Q and A with Kansas State Commit Brogan Heinen



By Sean McCann
Prep Baseball Report Kansas

This spring, class of 2015 right-handed pitcher Brogan Heinen helped lead Topeka Hayden to the 4A-I state tournament and, in the process, racked up some impressive post season awards - namely the KABC 4A-I Player of the Year Award.

Earlier this week Heinen accepted a scholarship offer from Kansas State University head coach Brad Hill and verbally committed to the Wildcats.  We had a chance to visit with Heinen about his decision.

PBR: What were the key factors in picking Kansas State?

Heinen:  To be honest, K-State has been on the top of my interest list since day one of high school.  After going to their summer camps and exploring their facilities and meeting the coaches it was a no-brainer, especially since it was already my top pick.

PBR:  When did the K-State coaches contact you and how did the relationship develop with the coaching staff?

Heinen: The first contact I had with a K-State coach, other than at their camps, was about a month ago at a tournament at K-State.  I was pitching for my summer team the Topeka Iguanas.  The K-State coaches were in attendance at the game I happened to be pitching in and they said they liked what they saw so we stayed in contact.  I talked with Coach Reynolds, their pitching coach, and, of course, Coach Hill.  Coach Reynolds has really been a huge influence on me being that I am a primary pitcher.  He has really shown me how much they care about their players and explained to me how much potential I have.  They have tremendous resources in terms of their baseball strength coach, weight room inside the stadium and indoor facility so players can develop

PBR: What role does the coaching staff expect you to play during your first year on campus?

Heinen: They explained to me that I would be an important part to their pitching staff.  As for the exact number of games, innings, etc., that I will pitch, I do not know specifically.  But I am a part of the team and I will do whatever it takes to have a successful season, which includes doing what I can to help the team win.

PBR:  What things do you need to improve on over the next year or so before you get to Manhattan?

Heinen: The number one concern for me is weight and filling out my body.  I am tall enough; I just need to put on some weight so I can pitch longer in games.  Of course, a number of pitching mechanics may need fixing but time will tell what those things are.  

PBR: Kansas State is very close to home.  How much did distance play a role in your decision? 

Heinen: The distance seemed perfect to me. I certainly did not want to go anywhere that I feel like I would not enjoy because I was too far away from my home.  So, Manhattan seems like a perfect distance to me as far as how far from home and also enjoying the city at the same time.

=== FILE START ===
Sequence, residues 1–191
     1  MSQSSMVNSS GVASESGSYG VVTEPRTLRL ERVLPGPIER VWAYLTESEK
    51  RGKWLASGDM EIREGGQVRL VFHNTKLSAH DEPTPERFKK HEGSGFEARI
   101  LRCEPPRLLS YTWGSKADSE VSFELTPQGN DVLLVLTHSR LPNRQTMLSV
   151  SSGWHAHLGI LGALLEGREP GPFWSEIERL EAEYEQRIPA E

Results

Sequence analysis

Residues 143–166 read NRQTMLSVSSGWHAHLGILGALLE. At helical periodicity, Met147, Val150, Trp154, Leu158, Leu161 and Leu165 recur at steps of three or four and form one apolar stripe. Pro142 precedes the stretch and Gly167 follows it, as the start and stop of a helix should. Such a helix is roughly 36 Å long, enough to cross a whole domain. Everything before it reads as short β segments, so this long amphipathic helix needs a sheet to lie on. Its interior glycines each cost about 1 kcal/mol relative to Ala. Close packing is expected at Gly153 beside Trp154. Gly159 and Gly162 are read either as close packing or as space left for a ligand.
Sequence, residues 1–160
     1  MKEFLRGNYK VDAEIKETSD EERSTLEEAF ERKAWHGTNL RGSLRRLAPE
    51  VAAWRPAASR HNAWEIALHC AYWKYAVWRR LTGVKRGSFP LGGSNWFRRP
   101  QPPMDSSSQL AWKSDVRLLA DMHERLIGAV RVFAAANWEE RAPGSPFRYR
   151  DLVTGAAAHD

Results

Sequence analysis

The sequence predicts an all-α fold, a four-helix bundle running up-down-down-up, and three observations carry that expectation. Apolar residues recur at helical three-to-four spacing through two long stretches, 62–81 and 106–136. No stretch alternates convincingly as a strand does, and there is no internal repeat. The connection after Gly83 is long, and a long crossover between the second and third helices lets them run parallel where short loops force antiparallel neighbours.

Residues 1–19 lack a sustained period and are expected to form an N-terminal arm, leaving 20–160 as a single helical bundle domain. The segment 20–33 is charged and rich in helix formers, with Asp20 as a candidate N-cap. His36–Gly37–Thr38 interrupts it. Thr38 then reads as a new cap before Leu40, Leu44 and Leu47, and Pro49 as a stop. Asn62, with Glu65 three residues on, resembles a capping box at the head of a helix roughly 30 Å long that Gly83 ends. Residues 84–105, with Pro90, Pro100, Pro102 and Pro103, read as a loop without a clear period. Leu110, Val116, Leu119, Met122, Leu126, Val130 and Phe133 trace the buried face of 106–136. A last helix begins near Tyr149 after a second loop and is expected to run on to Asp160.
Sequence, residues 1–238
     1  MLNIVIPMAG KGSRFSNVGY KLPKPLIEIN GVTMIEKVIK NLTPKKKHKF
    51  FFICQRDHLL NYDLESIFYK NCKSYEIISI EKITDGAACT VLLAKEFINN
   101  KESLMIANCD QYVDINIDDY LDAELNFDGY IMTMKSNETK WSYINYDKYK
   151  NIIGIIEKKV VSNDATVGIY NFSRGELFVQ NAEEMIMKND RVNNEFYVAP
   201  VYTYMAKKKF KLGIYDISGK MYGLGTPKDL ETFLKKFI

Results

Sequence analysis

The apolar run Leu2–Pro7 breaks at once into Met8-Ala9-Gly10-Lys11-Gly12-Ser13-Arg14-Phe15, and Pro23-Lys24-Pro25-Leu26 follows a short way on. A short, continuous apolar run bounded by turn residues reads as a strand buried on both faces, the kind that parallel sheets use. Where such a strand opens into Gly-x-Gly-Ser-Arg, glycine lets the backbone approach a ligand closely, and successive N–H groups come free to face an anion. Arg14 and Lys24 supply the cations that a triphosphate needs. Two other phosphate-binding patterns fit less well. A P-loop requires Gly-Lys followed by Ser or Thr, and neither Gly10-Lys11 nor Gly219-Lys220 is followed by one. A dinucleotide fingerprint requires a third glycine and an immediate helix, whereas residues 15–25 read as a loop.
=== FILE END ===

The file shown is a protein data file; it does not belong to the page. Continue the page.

PBR: Who has had the biggest impact on you as a baseball player and why?

Heinen:  There have been multiple people that have been big influences in my life. But I have to give it up to my dad.  He has been there since day one, whether it was pitching, hitting, or fielding.  His advice is something I can't repay him for and I am forever in debt to him because he has helped me get to where I am now and know he will be there for me in the future too.

PBR:  Tell us about how your spring season went and your thoughts on being named KABC 4A-I Player of the Year?

Heinen:  I have always been a "team first" type of guy.  If our team went 20-0 and I had the worst individual year of my life, then yes, I am going to be mad at myself.  But, if the team is winning then whatever I was doing was hopefully helping.  The awards and other honors are just add-ons to a successful year.  My high school team was fortunate enough to have made it to the 4A-I state quarterfinals and we felt very pleased about that.  The awards handed out afterwards are just rewards for being a good teammate, that's all.

PBR:  We saw you in your start at the Mid America World Series in Wichita earlier this month when you gave up two hits to start the game before striking out 12 in a row – an incredible accomplishment.  What were you thinking when you had two runners on and no one out in the first inning?  Were there any adjustments you made after that?

Heinen:  Personally, when I get runners on I tell myself “you have to focus on the guys at the plate and if you beat the batter then the runners won't score. Don't worry about them. If you get the batter yourself then you won't have to focus on the guys behind you on the bases."  So my philosophy on that is just to focus on the next batter.  If the batter gets a hit, he earned it, move on.  So I did that and I was fortunate enough to focus up and strike out 17 guys total including the 12 in a row you referred to.  Obviously, I was very happy with my performance.

PBR: Who are the top three hitters you have faced in Kansas high school baseball?

Heinen: The top three hitters I have ever faced in high school baseball have probably been Brett Fehr (’14 Manhattan), Riley Landuyt (’13 Washburn Rural) and Trent McMaster (’14 Washburn Rural).

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